Grendel’s Guide to Love and War by A.E. Kaplan
Publication: April 18th 2017
The Perks of Being a Wallflower meets Revenge of the Nerds in this tale of a teen misfit who seeks to take down the bro next door, but ends up falling for his enemy’s sister and uncovering difficult truths about his family in the process.
Tom Grendel lives a quiet life—writing in his notebooks, mowing lawns for his elderly neighbors, and pining for Willow, a girl next door who rejects the “manic-pixie-dream” label. But when Willow’s brother, Rex (the bro-iest bro ever to don a jockstrap), starts throwing wild parties, the idyllic senior citizens’ community where they live is transformed into a war zone. Tom is rightfully pissed—his dad is an Iraq vet, and the noise from the parties triggers his PTSD—so he comes up with a plan to end the parties for good. But of course, it’s not that simple.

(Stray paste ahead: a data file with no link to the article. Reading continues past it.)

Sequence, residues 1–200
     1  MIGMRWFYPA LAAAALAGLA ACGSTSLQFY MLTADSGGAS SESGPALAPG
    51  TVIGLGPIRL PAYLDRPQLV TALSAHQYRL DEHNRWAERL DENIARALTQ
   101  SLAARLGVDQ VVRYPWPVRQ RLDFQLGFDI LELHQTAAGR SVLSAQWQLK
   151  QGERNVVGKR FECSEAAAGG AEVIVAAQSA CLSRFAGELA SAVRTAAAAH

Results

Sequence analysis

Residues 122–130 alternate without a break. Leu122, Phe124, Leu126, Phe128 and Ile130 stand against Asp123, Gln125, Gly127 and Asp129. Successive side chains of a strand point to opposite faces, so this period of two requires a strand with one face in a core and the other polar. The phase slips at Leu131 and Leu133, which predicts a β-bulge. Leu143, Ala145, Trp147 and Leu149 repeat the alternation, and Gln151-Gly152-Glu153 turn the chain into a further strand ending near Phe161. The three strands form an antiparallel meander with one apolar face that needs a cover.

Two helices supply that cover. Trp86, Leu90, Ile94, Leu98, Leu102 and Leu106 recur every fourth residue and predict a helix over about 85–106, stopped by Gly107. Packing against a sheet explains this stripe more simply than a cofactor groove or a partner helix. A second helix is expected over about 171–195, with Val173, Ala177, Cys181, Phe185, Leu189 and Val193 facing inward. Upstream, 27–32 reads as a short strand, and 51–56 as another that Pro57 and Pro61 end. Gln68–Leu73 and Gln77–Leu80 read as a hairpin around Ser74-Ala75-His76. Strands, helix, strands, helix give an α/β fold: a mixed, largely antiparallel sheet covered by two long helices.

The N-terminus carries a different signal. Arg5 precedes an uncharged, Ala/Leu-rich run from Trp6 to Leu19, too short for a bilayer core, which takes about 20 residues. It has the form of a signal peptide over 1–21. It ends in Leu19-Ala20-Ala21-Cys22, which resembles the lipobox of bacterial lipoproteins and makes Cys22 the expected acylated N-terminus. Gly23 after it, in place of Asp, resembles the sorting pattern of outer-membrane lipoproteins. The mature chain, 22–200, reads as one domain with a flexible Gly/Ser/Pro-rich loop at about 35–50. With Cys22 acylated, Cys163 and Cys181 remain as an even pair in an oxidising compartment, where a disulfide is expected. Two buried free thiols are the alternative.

One retaliation leads to another, and things quickly escalate out of control, driving Tom and Willow apart, even as the parties continue unabated. Add to that an angsty existential crisis born of selectively reading his sister’s Philosophy 101 coursework, a botched break-in at an artisanal pig farm, and ten years of unresolved baggage stemming from his mother’s death…and the question isn’t so much whether Tom Grendel will win the day and get the girl, but whether he’ll survive intact.
This was such a refreshing read. The narrative was really wonderful and the characters really made this book special.
Grendel’s Guide to Love and War started off great. Even from the first few pages, I really loved it. I don’t often find books that made me laugh out loud but Grendel’s Guide did. The first or second chapter had me laughing like crazy.
The main character, Tom Grendel, was so well written and such a wonderful person. His father is a veteran and suffers from PTSD and Tom was so willing to take care of him. This book had realistic family dynamics and I really appreciated that.
Overall, this was a great read. I loved the characters and the representation of PTSD. It’s very well written and the plot was really fun.